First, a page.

After hearing about the damage caused by plastic waste on the beaches and in the oceans, the news that environmental organizations encouraged winemakers to store their wine in plastic bottles was a big surprise. Many cities assess extra fees on plastic bags to discourage shoppers from using plastic, and conduct anti-plastic informational campaigns. Nevertheless, winemakers in the United Kingdom received support from government supported environmental organizations for their plastic bottle initiative, reported Wine Anorak.
Although glass does not create floating islands of trash, it does have one major environmental disadvantage in comparison with plastic. Winemakers frequently ship their wines to markets in distant nations, and glass is heavy. Because plastic bottles weigh less than glass bottles, the trucks that carry the plastic wine bottles release fewer carbon emissions during transport. Wine Anorak states that the British government has calculated that switching to plastic wine bottles reduces annual carbon dioxide emissions by 90,000 tons.
Consumers who know about the issues that plastic waste creates may need some additional convincing before they purchase plastic wine bottles. Lesley Gevirtz, for the Globe and Mail, gives a more detailed argument, explaining that glass wine bottles weigh almost ten times more than plastic wine bottles, and PET can be recycled.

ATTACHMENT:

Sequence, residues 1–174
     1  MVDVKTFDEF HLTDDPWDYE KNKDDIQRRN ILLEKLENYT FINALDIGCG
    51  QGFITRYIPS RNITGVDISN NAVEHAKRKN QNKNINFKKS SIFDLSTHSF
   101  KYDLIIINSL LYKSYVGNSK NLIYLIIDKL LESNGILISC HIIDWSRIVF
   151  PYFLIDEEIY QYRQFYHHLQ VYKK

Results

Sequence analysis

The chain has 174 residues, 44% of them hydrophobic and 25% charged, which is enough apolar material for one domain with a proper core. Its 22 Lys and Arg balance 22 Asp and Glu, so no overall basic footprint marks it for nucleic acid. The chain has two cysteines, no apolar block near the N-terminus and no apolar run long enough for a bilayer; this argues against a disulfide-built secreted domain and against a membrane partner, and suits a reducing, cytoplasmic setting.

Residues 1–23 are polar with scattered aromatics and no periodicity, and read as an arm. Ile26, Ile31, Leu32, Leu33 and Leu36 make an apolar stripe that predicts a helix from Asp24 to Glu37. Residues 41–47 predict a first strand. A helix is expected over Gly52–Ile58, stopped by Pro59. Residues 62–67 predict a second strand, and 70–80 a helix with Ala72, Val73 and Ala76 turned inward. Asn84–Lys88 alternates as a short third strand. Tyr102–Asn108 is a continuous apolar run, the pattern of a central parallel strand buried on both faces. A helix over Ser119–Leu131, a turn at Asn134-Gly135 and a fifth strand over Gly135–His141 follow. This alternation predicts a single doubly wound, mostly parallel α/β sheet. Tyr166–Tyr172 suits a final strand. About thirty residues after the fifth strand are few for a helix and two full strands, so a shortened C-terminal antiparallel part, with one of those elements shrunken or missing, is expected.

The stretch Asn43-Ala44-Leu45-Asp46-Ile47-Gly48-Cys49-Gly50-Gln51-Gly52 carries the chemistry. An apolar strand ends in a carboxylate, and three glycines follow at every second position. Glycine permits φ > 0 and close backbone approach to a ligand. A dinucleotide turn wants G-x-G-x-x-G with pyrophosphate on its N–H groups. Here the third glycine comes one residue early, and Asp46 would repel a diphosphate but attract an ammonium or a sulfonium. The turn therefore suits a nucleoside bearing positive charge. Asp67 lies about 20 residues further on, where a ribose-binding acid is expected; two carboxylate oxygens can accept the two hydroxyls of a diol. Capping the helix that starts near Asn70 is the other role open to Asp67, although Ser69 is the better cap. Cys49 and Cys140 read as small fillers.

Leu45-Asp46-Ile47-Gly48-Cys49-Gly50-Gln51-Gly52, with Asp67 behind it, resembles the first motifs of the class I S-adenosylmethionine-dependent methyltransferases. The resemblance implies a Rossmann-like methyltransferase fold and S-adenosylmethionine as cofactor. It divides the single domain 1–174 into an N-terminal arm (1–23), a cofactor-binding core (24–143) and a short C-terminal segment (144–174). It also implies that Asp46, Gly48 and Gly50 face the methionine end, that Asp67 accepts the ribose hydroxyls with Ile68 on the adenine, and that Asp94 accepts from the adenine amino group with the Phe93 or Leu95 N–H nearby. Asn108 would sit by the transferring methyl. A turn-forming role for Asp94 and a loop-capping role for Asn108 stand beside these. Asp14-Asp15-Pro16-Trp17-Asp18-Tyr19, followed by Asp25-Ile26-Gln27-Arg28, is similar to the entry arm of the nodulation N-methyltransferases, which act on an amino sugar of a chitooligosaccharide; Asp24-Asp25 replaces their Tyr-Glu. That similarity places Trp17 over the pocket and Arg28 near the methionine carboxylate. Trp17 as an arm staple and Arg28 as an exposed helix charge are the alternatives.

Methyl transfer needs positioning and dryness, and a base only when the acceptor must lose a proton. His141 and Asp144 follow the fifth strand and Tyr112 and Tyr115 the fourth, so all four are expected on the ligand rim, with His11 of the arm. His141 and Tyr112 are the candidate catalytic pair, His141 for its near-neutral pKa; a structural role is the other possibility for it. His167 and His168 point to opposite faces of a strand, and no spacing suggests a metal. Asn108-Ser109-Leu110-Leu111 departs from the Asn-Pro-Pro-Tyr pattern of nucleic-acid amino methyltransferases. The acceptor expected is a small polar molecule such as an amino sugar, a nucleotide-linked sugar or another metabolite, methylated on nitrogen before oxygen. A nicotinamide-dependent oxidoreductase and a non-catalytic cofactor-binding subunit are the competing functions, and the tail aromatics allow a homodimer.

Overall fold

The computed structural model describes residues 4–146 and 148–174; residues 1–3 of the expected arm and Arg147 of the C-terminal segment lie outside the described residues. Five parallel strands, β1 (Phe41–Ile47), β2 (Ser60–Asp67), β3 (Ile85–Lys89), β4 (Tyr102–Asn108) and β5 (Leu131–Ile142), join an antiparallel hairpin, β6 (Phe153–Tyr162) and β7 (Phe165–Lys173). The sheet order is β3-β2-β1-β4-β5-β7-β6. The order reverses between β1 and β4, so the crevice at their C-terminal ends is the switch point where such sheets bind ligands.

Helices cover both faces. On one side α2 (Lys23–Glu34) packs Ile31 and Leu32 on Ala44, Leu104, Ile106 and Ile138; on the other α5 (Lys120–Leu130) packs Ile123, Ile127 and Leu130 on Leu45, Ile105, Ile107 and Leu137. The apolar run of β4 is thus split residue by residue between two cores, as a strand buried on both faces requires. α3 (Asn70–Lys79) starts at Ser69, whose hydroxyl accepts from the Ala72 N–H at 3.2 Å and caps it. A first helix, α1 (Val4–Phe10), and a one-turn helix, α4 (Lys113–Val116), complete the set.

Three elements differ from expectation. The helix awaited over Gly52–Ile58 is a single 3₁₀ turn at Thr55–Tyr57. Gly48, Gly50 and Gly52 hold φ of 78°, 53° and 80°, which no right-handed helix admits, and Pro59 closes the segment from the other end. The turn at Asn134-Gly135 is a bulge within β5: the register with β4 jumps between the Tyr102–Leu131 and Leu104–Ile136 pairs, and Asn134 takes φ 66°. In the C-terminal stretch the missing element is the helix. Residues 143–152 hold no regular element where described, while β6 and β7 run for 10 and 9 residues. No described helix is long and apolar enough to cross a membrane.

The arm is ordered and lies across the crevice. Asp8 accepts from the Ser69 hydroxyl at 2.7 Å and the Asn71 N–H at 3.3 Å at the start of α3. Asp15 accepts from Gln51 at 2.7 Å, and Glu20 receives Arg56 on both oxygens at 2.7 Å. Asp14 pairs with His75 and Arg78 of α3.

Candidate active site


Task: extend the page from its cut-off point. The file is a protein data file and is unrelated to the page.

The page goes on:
Of course, responsible parties need to make sure that consumers drop off PET in recycling bins and local facilities are available for PET recycling.
Glass manufacturers could reduce transportation costs by selling thinner bottles to winemakers. According to Modern Wine Magazine, British winemakers did make this request, but it irritated the glass manufacturers, as they did not want to produce thinner glass bottles. Transportation costs for the thinner glass bottles would still be higher than the costs of transporting plastic bottles, as reducing glass thickness by 90 percent would make wine bottles much more fragile.
The Daily Mail brings up a major issue with plastic wine bottles, mentioning a study that claims that white wine degrades in six months when stored in plastic bottles, although red wine suffered fewer effects. This is not a major problem for a consumer who plans to drink her wine soon after she buys it, but a consumer who plans to store the wine in her cellar for a longer period should be aware of this issue.
Of course, the switch to plastic bottles also affects costs. Winemakers pay less money to ship their lighter plastic bottles to far off foreign markets. Many beverage makers prefer plastic containers because of their durability, as glass bottles shatter easily. Wine makers do face a tradeoff here, as plastic bottles do make their wines look cheaper. For a budget wine this isn’t as important, but customers may not be willing to buy a high end wine in a plastic bottle.